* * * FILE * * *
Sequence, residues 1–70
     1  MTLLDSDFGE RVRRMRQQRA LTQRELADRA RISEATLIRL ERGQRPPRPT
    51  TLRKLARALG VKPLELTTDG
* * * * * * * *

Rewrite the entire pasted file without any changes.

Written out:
Sequence, residues 1–70
     1  MTLLDSDFGE RVRRMRQQRA LTQRELADRA RISEATLIRL ERGQRPPRPT
    51  TLRKLARALG VKPLELTTDG